"That might be it," he said.
No, the real insight from those plays, a pair of perfect throws from a QB in obvious pain, is the story they tell about what drives Fields.
From a frustrating first season to injuries in some of his biggest games, Fields is the rare elite talent whose legacy is focused on overcoming setbacks rather than dominating from the outset. It suits him. Getting knocked down has offered him the opportunity to rise up.
"There's a chip [on his shoulder] there," Yurcich said. "No question."
RIGHT NOW, he's on the brink of a championship, fresh off one of the most remarkable postseason performances in the storied history of Buckeyes football. But getting here was anything but certain. It wasn't until his first trip into the end zone with Ohio State, he said, that things felt right.
Fields knew before he enrolled at Georgia that the Bulldogs already had a starting QB. Fromm had come within a few plays of winning a title as a true freshman a year earlier, and Fields faced an uphill battle to unseat the incumbent. Turns out, there was no battle. Fields was pigeonholed into a small, niche role for Georgia, running what amounted to a simplified wildcat offense that only managed to ramp up the talk that his career would never match the recruiting hype.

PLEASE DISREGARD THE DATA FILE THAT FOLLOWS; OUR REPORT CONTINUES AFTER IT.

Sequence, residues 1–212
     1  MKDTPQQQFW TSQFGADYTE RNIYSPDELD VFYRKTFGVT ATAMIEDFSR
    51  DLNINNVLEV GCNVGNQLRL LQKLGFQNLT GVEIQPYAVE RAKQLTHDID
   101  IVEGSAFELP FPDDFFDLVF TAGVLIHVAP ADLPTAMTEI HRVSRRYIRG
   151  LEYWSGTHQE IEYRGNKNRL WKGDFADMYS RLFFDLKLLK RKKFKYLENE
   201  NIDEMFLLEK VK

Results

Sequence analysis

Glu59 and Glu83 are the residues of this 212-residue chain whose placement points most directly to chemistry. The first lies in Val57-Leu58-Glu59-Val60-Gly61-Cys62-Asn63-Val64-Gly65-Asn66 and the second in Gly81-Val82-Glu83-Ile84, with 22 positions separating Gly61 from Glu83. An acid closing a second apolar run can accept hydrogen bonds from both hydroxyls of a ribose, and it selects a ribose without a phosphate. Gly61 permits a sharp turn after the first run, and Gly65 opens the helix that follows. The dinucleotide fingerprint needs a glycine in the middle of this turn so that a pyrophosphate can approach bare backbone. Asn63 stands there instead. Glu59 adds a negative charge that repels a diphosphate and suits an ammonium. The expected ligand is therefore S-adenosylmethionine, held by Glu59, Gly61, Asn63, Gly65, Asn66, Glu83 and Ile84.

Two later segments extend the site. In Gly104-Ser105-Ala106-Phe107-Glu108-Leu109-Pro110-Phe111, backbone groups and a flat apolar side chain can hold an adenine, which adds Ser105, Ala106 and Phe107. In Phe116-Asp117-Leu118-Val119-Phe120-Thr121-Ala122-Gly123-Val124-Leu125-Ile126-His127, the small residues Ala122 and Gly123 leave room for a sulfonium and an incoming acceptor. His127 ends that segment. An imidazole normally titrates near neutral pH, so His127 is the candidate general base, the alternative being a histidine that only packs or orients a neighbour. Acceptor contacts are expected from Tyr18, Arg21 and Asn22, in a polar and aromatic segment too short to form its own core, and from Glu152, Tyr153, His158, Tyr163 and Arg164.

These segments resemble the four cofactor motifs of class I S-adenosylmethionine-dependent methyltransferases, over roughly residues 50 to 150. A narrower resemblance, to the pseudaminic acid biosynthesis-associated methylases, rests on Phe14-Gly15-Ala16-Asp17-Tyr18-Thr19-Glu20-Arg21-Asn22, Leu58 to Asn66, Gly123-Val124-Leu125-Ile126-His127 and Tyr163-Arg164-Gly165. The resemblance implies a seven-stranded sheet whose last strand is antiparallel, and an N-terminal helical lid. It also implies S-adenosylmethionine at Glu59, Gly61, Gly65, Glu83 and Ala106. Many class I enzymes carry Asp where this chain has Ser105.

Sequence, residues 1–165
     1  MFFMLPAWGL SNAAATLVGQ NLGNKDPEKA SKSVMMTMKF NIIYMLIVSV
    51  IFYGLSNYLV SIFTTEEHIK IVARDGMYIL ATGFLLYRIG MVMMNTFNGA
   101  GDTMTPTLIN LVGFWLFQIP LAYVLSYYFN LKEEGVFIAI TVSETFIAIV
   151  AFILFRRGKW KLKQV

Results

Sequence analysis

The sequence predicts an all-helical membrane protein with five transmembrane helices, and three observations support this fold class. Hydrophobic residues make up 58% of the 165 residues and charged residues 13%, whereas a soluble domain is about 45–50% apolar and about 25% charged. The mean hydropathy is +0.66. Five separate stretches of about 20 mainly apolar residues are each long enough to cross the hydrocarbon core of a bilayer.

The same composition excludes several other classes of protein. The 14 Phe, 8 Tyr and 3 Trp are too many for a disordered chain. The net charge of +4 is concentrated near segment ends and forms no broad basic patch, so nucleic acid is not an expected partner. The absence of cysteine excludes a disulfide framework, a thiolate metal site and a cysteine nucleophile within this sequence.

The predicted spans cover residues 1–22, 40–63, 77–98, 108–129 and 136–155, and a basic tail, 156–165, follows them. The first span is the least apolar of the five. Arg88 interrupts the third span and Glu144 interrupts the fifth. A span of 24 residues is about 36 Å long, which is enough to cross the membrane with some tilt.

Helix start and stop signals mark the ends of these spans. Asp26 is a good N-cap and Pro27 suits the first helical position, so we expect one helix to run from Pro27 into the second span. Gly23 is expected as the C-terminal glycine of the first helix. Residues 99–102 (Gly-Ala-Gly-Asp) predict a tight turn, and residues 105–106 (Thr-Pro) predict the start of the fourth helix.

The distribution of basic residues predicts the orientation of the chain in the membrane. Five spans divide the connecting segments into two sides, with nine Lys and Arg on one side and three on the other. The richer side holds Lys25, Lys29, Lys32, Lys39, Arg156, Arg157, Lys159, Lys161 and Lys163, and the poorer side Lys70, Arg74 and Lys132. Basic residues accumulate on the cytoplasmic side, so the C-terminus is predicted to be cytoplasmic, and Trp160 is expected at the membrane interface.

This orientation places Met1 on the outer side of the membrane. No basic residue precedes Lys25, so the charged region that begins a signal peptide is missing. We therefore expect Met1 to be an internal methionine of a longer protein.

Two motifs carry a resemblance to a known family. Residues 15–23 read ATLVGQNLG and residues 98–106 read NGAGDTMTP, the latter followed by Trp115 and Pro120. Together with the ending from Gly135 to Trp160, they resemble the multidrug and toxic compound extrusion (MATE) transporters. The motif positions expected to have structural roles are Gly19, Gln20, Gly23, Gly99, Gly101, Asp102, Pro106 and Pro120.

"I remember watching [TV] when he transferred to Ohio State," Fields' high school coach, Matt Dickman, said. "Everyone on the show said he was going to struggle. I wanted to be on the show to say, 'No, he won't.'"
Fields committed to Ohio State before ever setting foot on campus. He liked head coach Ryan Day. There was instantly trust, something that told him if he followed Day, things would work out.
"From day one, it was genuine," Fields said. "Everyone knows he's a great offensive-minded coach, and he was going to make me a better player. That's all I was really worried about."
But when he got to Ohio State, it wasn't home. Fields didn't know anyone. He was "a shy guy," as Olave said, and the strange combination of expectations and uncertainty made him uncomfortable. At one point, a few days after getting to campus, Fields' father recalled, his homesick son called and asked to come back to Georgia.
"I'll take the [media] hit," Fields told him.
Pablo Fields told his son to stick it out a little longer. A day later, a few of the guys from the team dropped by his dorm room and invited him to play basketball. Gradually, Ohio State started to feel like home.
Still, by the time he walked out onto the field for the Buckeyes' 2019 opener against Florida Atlantic, it had been nearly three years since he started a football game.
His first touchdown in a Buckeyes uniform was a turning point.